The pelvic floor is a hammock-like set of muscles that make up the bottom part of your core. They span from the pubic bone in the front, tailbone in the back, and reach to the sit bones and even the hips. These muscles function to support the pelvic organs, the spine, and the hips. They also help with the functional control of bowel movements, urination, and sexual activities.
To find these muscles you can produce a contraction by pretending you are trying to stop the stream of urine or holding back gas.
Also, try this exercise to feel the pelvic floor muscles move with your breath:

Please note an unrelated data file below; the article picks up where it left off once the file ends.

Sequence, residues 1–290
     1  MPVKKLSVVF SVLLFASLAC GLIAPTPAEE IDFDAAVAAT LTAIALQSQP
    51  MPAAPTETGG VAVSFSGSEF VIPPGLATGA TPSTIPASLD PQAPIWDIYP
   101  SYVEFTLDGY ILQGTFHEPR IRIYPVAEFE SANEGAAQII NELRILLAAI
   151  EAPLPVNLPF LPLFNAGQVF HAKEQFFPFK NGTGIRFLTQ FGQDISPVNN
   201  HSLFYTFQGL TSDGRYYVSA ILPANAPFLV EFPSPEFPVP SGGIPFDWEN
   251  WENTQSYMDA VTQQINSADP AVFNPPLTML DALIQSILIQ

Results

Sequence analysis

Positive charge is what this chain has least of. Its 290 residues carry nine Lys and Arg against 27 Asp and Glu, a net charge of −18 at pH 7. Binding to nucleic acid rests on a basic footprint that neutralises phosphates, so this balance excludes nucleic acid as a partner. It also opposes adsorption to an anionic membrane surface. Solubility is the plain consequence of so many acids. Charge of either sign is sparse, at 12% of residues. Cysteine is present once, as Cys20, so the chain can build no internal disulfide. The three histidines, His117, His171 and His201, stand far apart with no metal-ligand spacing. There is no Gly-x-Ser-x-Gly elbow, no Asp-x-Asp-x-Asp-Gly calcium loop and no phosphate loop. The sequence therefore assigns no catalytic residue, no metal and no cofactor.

Step 1: Move into a seated, laying on your back, or a child’s pose position.
Step 2: take a deep breath that allows your belly to expand
Step 3: notice the pelvic floor stretch, expand, and/or move down
Step 4: exhale slowly
Step 5: notice the pelvic floor muscles lift, engage and/or move up
Your diaphragm and pelvic floor work very well together. The diaphragm is dome shaped at rest. When your diaphragm contracts, it flattens, drawing air into the lungs. This also causes the pressure in the abdomen to shift downwards, therefore the pelvic floor muscles stretch to accommodate for this shift. As you breath out, the diaphragm returns to that resting dome shape and the pelvic floor muscles contract slightly to where they need to be at rest.
Check out this great post that talks more about what exactly your pelvic floor is, courtesy of Athlete’s Care: